How Oil Pulling Will Whiten Your Teeth & Transform Your Dental Health
Oil pulling is one of the simplest, yet one of the most powerful, most effective methods of detoxification and healing in natural medicine.
The science behind oil pulling is fully documented with references to medical studies and case histories.
Oil pulling was a technique practiced in Ayurvedic medicine of India and had been used for generations.
Ayurvedic practitioners discovered that washing the mouth with oil not only cleanses the mouth but restores health to the body.
The oil itself doesn’t do the healing; it is body that does that. All the oil does is provide a way for the body to heal itself.
How oil pulling works?
Oil pulling works by removing disease-causing microorganisms and toxins in the mouth that cause ill health.
As you swish the oil around your teeth and gums, microbes are picked up as through they are being drawn to a powerful magnet.
Bacteria are sucked out of their hiding places and held firmly in the solution.
The longer you push and pull the oil though your mouth, the more microbes are pulled free.
After 20 minutes the solution is filled with bacteria, viruses and other organisms.
This is why you want to spit it out rather than swallow it. You don’t want that in your stomach.
If you accidentally swallow a portion while you are pulling, don’t worry, it won’t kill you, but avoid it if possible.
There are countless testimonies on the effectiveness of oil pulling in:
- whitening teeth
- removing plaque
- relieving inflammation and infection from gums
- dental cavities – oil pulling reduced counts of Streptococcus mutans bacteria – a significant contributor to tooth decay
- bed breath
- improving the overall health of the mouth
That alone makes it worthwhile. But oil pulling has the potential to help with just about any illness or chronic condition:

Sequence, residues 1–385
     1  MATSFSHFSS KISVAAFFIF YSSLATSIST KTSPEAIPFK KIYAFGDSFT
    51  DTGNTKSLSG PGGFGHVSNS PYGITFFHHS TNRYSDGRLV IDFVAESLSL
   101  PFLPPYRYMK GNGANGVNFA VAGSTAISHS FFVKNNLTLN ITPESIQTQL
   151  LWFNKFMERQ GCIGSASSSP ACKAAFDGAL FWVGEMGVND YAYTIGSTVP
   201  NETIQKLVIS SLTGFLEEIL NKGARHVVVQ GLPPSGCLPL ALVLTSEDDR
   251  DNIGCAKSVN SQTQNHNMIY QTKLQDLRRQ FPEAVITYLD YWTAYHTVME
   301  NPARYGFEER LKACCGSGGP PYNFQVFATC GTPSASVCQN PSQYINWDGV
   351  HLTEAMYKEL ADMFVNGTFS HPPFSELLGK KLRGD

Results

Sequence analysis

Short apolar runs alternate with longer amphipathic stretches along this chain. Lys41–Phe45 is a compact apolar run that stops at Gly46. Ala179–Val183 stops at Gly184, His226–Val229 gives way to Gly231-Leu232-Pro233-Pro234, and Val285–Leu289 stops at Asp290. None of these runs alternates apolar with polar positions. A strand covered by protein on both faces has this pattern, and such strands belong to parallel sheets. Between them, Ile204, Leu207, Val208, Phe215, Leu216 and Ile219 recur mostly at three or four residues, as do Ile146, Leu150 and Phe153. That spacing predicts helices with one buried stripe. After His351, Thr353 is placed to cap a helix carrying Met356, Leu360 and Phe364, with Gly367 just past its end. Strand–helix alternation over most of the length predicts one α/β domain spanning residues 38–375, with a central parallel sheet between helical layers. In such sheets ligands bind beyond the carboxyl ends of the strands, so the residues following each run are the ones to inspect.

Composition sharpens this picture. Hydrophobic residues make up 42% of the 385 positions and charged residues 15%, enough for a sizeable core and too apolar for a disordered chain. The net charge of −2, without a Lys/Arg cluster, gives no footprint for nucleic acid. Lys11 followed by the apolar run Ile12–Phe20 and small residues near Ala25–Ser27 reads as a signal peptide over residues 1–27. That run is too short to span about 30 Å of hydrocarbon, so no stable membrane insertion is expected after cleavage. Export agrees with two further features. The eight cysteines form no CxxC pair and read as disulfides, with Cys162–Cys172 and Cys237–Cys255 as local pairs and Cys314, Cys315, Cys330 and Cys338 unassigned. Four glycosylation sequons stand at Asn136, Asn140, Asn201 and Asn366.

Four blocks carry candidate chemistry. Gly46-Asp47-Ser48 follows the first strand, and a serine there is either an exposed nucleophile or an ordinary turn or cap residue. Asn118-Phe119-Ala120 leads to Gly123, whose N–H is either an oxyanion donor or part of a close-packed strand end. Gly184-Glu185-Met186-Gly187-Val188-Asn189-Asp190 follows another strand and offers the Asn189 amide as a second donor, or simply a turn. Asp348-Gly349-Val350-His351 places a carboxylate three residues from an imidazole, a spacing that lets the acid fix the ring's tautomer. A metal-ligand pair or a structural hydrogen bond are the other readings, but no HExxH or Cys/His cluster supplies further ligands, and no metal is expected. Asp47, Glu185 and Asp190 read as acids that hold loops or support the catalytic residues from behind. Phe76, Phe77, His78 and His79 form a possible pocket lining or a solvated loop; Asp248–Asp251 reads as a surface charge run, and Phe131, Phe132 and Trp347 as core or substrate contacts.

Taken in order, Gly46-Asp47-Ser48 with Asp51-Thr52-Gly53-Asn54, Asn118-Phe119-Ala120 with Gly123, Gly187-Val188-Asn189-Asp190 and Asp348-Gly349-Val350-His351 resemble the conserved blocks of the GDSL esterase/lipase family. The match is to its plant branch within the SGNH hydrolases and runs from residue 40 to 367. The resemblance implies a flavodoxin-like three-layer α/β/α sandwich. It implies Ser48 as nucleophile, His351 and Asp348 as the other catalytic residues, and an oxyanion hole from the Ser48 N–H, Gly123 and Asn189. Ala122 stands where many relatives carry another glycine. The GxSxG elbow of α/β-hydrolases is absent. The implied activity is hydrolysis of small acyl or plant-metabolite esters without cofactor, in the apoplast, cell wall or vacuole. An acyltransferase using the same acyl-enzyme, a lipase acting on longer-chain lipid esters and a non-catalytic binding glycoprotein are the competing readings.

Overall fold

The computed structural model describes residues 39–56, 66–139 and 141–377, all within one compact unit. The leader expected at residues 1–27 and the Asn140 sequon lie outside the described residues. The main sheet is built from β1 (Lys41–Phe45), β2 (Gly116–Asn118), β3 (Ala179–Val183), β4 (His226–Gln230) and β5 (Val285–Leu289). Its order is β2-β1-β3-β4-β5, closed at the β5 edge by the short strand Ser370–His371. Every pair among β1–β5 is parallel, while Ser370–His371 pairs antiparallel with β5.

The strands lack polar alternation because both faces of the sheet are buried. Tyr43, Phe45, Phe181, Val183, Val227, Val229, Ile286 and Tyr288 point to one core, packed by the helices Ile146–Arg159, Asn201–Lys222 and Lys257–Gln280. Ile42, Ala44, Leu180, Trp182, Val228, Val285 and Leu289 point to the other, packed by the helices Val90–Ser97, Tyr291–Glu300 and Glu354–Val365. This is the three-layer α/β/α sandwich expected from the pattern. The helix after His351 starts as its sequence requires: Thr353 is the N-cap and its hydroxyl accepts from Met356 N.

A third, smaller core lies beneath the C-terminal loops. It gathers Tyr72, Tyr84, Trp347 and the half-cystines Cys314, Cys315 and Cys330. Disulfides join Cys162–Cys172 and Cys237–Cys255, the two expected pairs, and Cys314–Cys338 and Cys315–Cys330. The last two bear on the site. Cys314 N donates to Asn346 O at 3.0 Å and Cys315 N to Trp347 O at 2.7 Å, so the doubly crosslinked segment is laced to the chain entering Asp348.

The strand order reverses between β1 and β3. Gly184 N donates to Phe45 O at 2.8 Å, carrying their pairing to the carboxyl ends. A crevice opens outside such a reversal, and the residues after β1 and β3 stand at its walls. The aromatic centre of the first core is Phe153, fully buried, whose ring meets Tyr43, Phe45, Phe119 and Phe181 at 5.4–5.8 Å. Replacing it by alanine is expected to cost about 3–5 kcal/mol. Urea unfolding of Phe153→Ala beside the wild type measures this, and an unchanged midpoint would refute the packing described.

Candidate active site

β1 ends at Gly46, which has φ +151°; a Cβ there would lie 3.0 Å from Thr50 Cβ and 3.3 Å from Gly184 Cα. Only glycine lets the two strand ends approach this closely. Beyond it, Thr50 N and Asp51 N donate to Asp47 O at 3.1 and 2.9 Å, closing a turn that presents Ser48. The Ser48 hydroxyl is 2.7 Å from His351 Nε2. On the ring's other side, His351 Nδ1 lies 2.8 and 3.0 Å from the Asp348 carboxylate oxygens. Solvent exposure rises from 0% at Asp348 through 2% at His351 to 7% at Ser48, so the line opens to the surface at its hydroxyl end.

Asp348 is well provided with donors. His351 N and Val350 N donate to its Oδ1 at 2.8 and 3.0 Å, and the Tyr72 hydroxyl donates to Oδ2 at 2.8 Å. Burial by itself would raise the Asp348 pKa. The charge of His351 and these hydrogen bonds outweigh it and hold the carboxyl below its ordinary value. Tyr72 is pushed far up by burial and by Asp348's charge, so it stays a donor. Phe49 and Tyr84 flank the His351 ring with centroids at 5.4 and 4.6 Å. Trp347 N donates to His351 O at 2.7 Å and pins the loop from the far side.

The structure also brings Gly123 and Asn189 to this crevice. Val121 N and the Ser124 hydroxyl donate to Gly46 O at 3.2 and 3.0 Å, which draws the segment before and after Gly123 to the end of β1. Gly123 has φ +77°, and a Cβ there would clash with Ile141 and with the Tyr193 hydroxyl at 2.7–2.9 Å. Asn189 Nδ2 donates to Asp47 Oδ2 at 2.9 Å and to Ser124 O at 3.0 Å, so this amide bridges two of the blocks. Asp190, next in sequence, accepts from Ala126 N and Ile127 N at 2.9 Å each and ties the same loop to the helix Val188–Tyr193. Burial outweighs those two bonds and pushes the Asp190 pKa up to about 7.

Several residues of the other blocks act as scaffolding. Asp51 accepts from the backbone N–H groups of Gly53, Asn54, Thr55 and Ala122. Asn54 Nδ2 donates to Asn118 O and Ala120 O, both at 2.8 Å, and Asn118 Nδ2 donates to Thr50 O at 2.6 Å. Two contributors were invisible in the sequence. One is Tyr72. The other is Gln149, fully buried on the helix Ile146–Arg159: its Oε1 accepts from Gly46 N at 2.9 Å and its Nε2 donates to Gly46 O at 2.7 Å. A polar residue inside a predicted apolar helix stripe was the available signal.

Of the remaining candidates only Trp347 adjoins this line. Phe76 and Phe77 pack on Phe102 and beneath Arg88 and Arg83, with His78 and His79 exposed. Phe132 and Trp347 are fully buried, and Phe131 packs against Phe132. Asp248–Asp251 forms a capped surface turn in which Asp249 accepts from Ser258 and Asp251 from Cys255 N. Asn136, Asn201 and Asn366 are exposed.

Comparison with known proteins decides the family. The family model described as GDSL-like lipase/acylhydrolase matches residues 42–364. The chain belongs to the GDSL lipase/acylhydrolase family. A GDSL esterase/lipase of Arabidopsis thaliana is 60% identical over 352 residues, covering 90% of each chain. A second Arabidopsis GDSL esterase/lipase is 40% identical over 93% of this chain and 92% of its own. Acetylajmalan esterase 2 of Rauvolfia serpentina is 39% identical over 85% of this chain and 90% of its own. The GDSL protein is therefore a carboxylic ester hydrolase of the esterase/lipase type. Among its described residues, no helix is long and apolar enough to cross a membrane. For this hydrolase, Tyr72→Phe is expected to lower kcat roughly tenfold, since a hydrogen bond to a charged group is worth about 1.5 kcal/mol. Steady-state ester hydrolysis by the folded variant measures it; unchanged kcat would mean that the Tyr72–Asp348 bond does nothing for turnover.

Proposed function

- skin problems
- digestive issues
- joint pain/Arthritis
- sinus infections
- and more…
What oil is best for pulling?
Never use genetically modified oil (GMO). Many oils today, even olive oils, are fakes. They are synthetic combinations of anything from rapeseed oil (canola) to pesticide-laden sunflower oil.
Besides coconut oil has antibacterial and anti-viral activity that makes it especially well suited for oral health.
In fact, coconut oil mixed with baking soda makes for a very simple and inexpensive, yet effective, toothpaste. Here is natural toothpaste recipe with coconut oil.
Research suggests that coconut oil may be a valuable tool for fighting tooth decay.
This is interesting because the Pacific Islanders never brushed their teeth, never flossed, never used antibacterial mouthwash and never saw dentist, yet they had exquisite dental health, that is, as long as they continued to eat their traditional, coconut-based diet. The islanders good dental health was a reflection of the absence of heart disease and other degenerative conditions.
OIL PULLING STEP-BY-STEP
1. Gently swish 1 tablespoon of coconut oil in your mouth and between your teeth for 5-20 minutes making sure that you don’t swallow any of the oil. It seems that the longer you pull, the more effective it is. Do this gently so you don’t wear out your jaw and cheeks.
2. Spit out the oil in the trash. Do not spit into the sink or toilet, over time it could clog the drain.
3. After spitting, rinse your mouth thoroughly with water to remove any residual oil.
4. Finally, brush your teeth as normal.
Sometimes mucous may form in the back of your throat as you are pulling. You don’t want to choke. If needed, spit out the oil and clear your throat of mucous. Get another mouthful of oil and continue. You don’t need to start all over, go until you have done a total of about 20 minutes.
The best time to do oil pulling is in the morning before eating breakfast. The bacterial population in your mouth is at the highest level in the morning, but it can be done at any time.
For best results, do oil pulling daily (or even twice a day).
Dr. Bruce Fife (2008) Oil Pulling Therapy. Colorado Springs, CO, USA: Piccadilly Books, Ltd.
Studies About Oil Pulling:
S Asokan, J Rathan, MS Muthu, PV Rathna, P Emmadi, Raghuraman, Chamundeswari. Effect of oil pulling on Streptococcus mutans count in plaque and saliva using Dentocult SM Strip mutans test: a randomized, controlled, triple-blind study. Journal of the Indian Society of Pedodontics & Preventive Dentistry. 26(1):12-7, 2008 Mar
TD Anand, C Pothiraj, RM Gopinath, et al. Effect of oil-pulling on dental caries causing bacteria (PDF). African Journal of Microbiology Research, Vol 2:3 pp 63-66, MAR 2008. (PDF Link)
HV Amith, Anil V Ankola, L Nagesh. Effect of Oil Pulling on Plaque and Gingivitis. Journal of Oral Health & Community Dentistry: 2007; 1(1):Pages 12-18
The information here is provided for informational purposes only. It is not presented with the intention of diagnosing or treating any disease or condition. It is in no way intended to substitute for the advice provided by your doctor or other health care professional. By using this site you agree to these terms. (Read more)
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